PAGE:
Traffic Jam on NOGC on Fourth Street – 28 August 2007

by Jim on 2012/08/28

[Girl, you say you just want Jimbaux to take you for a drive.]

With You, I Can See A Traffic Jam . . . Straight Up Ahead

Ah, classic Jimi Hendrix!  What do you think of Hendrix?  What do you think of tomatoes?  What do you think of cats?  What do you think of Senatobia, Mississippi?  What’s your official policy on fractional reserve lending?  What’s your official position on Canadian wheat exports?  What’s your official position on nillas?  What’s your policy on onions?  What’s your official position on positive train control?  What’s your official position on street-running?

I’ve Got Better Things On The Other Side Of Town

Ah, yes, where were we?  Oh, yes, speaking of street-running, Tuesday 28 August 2007 on Fourth Street in Gretna, Louisiana, along the New Orleans & Gulf Coast Railway, actually, the Union Pacific, but it’s leased to the NOGC.

We have a traffic jam here on the street-running on what is about milepost three or four of the Sunset Route of the former Southern Pacific Railway.  Apparently, the woman in the older Ford F150 pickup truck at left – and it’s a long truck in the first place – was parked too close to the track and was having engine problems too.  There is a newer F150 parked next to it, and one of the men in reflective vests is the conductor.  On most of the NOGC, the conductors actually don’t ride the trains; they precede the train in a pickup truck to watch out for obstructions such as these especially on the street running, throw switches, and lower the spans of the moveable span bridges (two of them) ahead of the train.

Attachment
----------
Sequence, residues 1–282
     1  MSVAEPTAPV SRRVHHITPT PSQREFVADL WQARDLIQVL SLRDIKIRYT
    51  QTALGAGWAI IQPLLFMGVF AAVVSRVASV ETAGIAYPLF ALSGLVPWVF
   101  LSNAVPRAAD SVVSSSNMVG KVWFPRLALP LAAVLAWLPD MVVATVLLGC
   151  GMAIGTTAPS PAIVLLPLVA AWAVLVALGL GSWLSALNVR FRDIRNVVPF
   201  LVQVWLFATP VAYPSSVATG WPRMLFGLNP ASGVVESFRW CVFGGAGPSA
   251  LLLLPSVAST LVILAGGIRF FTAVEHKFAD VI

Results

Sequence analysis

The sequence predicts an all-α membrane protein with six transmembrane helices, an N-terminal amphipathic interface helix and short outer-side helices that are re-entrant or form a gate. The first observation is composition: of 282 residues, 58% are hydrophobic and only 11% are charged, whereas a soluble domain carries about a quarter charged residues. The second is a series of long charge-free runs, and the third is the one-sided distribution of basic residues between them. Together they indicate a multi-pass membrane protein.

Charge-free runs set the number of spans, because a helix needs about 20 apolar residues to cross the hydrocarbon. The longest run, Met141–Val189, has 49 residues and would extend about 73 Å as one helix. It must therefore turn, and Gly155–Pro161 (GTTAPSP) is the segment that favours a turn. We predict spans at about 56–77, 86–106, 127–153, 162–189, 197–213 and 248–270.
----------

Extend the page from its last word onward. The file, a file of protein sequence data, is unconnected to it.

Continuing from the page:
You can tell that it has been raining here, as these two men on the ground figure out how they will help this woman as the train is stopped, blocking cars moving through the various city streets in the oldest part of town.  The Mississippi River is four blocks to the left, and the Texas & Pacific rain down 3rd Street – one street over to the left – until the at least the 1980s.

Most of the tank cars in this train that originated in Gouldsboro Yard a few miles from here are bound for the Kinder-Morgan tank farm in Harvey.

A Bad Example

Yes, a police patrol car, of all cars, is moving around on this wet and overcast day without its headlights on.  Shame, shame.  Y’all know (except for you new readers in the last three months) that I’ve already preached to all of you the need to always have your headlights on while driving.

Well, at least it’s a white car, and therefore fairly well visible even without its lights on, though having the lights on would certainly be better, and regardless of the atmospheric conditions.  Furthermore, the deputy apparently didn’t find a reason to stop to check out the man with the telephoto lens standing atop his truck between a state highway and a railroad track, but I wonder how that would have been different had I not been wearing a pullover shirt and slacks and had maybe been wearing a different color of skin too.